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Seo gives Rays a big reason to be patient
The scuffling starter pitches a stellar seven innings to snap the club's six-game skid.
By EDUARDO A. ENCINA
Published May 14, 2007
Rays' pitcher Jae Seo gave manager Joe Maddon a reason to be optimistic when he pitched his best game in nearly 23 months.
TORONTO - Trying to figure out what has been wrong with pitcher Jae Seo this season has been maddening for Rays manager Joe Maddon and his staff.
After his most recent start Tuesday, Maddon could only resort to shoulder-shrugging to explain why Seo had pitched so poorly the first six weeks of the season.
Sunday, however, with his team desperate for a win to avoid back-to-back sweeps on this six-game road trip, Seo gave Maddon reason to be optimistic, pitching his best game in his nearly 23 months in a Rays uniform and leading Tampa Bay to a 2-1 victory, one that saved face on this road trip and salvaged promise in the 29-year-old Seo.
The win halted a six-game losing streak and put the Rays and Jays in a tie for fourth place in the AL East with 15-22 records.
"He just made better pitches, " Maddon said, "better pitches in better spots. The results were good. ... I know he's very competitive and I really try to avoid snap judgments. He has been back and forth. He knows that. We all know that. But he had that kind of game in him, too, and brought it out today when we really needed it."
Seo, a pitcher who relies on command of his fastball and changeup, found his control Sunday. He retired 14 of the first 15 batters and didn't allow a hit until Royce Clayton's double to left-centerfield, which was just out of leftfielder Carl Crawford's reach. Seo, who entered leading the majors with 37 runs allowed, pitched seven shutout innings and allowed just two hits, striking out a season-high seven and walking two.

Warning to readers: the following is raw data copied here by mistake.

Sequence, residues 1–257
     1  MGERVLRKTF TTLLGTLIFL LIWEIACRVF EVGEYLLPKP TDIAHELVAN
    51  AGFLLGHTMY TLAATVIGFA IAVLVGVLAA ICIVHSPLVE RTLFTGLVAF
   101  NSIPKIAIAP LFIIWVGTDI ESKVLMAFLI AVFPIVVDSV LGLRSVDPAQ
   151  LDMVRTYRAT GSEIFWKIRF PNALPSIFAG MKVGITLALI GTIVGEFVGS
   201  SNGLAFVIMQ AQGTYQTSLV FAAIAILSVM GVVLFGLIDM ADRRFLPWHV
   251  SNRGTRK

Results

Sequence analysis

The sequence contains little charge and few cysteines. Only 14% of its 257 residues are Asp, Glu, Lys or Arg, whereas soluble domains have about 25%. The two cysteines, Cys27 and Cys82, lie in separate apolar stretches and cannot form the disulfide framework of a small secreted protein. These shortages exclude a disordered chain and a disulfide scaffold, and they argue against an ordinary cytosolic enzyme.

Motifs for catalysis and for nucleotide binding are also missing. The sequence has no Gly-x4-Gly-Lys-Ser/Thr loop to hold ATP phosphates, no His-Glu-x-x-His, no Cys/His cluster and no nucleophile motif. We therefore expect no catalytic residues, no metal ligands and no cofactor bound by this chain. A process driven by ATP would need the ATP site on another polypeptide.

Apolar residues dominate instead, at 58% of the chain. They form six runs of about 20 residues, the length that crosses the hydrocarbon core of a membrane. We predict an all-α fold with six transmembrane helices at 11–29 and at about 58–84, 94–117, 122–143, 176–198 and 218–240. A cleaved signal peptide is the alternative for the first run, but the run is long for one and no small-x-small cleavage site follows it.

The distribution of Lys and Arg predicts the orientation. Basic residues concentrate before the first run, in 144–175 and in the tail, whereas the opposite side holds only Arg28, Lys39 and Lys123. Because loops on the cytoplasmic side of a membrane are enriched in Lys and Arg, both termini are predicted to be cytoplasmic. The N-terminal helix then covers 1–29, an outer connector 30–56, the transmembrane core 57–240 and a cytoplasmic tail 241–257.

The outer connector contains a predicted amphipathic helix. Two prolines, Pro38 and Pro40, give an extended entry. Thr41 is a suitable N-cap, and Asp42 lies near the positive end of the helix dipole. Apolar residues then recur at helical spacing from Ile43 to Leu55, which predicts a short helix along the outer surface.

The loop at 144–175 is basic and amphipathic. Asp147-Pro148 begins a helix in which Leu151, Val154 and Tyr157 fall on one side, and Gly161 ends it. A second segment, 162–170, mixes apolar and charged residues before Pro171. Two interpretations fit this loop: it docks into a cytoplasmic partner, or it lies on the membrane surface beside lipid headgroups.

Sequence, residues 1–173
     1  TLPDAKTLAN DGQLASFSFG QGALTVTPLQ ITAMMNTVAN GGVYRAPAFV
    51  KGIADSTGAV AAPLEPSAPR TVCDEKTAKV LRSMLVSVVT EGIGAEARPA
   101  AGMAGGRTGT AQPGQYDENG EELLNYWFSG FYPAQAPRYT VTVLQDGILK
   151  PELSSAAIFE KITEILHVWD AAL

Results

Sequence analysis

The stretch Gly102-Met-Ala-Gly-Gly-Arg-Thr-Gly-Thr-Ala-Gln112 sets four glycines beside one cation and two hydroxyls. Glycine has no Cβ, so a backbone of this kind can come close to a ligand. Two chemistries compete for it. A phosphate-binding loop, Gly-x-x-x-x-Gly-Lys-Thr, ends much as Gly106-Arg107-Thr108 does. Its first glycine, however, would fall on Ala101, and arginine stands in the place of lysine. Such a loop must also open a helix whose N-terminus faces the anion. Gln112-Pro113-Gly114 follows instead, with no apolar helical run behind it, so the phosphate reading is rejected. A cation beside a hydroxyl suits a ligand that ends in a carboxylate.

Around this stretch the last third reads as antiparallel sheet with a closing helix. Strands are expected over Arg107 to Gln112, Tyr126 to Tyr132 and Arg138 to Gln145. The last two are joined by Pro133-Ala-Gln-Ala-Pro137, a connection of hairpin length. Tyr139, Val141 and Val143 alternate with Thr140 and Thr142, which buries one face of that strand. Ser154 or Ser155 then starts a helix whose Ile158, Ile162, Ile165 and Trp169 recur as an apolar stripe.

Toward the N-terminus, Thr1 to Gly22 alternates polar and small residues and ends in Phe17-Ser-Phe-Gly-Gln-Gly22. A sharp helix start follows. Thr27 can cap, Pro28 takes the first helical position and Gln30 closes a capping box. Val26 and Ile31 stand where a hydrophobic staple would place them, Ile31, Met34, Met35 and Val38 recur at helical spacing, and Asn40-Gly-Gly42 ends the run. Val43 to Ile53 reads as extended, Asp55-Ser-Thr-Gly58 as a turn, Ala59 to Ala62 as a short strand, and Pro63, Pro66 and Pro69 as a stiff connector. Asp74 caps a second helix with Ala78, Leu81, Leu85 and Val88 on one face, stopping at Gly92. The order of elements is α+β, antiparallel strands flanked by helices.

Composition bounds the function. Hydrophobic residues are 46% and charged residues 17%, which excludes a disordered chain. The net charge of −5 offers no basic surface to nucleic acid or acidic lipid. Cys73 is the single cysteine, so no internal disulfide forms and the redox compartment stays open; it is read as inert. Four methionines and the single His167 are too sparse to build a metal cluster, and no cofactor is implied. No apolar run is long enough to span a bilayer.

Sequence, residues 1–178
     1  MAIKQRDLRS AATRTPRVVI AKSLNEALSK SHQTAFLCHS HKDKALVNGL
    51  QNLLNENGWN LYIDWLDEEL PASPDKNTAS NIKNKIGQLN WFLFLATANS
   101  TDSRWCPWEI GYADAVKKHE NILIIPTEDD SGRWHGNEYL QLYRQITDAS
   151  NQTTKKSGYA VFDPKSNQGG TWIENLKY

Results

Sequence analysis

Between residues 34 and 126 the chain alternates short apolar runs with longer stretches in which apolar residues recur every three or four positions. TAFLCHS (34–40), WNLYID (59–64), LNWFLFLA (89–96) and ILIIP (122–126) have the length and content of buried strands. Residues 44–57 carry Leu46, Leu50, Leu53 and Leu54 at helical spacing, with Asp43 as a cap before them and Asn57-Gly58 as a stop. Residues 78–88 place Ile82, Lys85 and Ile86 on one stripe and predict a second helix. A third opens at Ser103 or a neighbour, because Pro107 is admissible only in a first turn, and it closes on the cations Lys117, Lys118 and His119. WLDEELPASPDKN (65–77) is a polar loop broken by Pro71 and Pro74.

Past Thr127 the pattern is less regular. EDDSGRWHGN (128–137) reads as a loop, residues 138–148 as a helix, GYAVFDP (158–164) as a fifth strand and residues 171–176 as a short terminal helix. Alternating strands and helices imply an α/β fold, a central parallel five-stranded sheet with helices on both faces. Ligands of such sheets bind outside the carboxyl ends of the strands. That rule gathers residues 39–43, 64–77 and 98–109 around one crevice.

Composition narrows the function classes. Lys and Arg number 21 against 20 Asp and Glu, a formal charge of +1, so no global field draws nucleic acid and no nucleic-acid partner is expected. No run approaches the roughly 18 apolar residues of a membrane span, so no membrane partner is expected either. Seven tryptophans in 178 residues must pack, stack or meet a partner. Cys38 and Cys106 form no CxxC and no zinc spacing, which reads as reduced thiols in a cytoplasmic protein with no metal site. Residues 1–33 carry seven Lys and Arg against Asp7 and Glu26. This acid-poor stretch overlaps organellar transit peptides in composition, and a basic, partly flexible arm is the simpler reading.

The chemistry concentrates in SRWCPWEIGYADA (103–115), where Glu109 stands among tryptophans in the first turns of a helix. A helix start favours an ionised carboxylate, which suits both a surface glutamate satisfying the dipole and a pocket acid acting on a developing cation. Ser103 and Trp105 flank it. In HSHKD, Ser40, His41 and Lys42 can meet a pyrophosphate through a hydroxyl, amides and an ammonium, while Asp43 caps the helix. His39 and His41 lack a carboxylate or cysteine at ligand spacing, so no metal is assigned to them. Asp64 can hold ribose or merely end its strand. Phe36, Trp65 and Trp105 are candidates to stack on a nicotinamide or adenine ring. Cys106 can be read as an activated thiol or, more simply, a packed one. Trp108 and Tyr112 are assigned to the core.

"I'm just throwing, " Seo said. "Last game, it was too much thinking."
Seo continued his success against the Blue Jays. He owns a 0.90 ERA against the Blue Jays in three career starts.
Blue Jays fill-in starter Shawn Marcum, normally a reliever, was just as sharp. He threw six innings of no-hit ball, striking out seven before he was pulled after throwing 78 pitches.
Runs were scarce. And Rays first baseman Carlos Pena provided the clutch hits that ended up being the difference.
Pena, who has emerged from last-minute roster fill-in to the hottest hitter in a slumping lineup, broke a scoreless tie in the seventh inning with a solo homer to left-centerfield off reliever Jason Frasor. It was his second homer in as many games, following Saturday's solo shot to center.
The Rays added what turned out to be an important insurance run in the ninth. With runners on first and third with two outs, Pena hit a ball deep to the hole between first and second. Jays first baseman Lyle Overbay backhanded the grounder and sped to the bag. Pitcher Brian Tallet was late covering, and Pena slid headfirst into first, touching the base with his left hand before Overbay could step on the bag. The single scored Carl Crawford from third.
After Rays reliever Brian Stokes pitched a scoreless eighth, closer Al Reyes entered in the ninth and allowed a leadoff homer to Matt Stairs before retiring three straight for his 11th save.
"What a great game, " Pena said. "It was definitely a pitchers' duel out there. Both guys did a great job. Seo went out there and pitched his heart out and he deserved to win. I bet it was fun to watch. It was fun to play in. The best part is that we came out on top."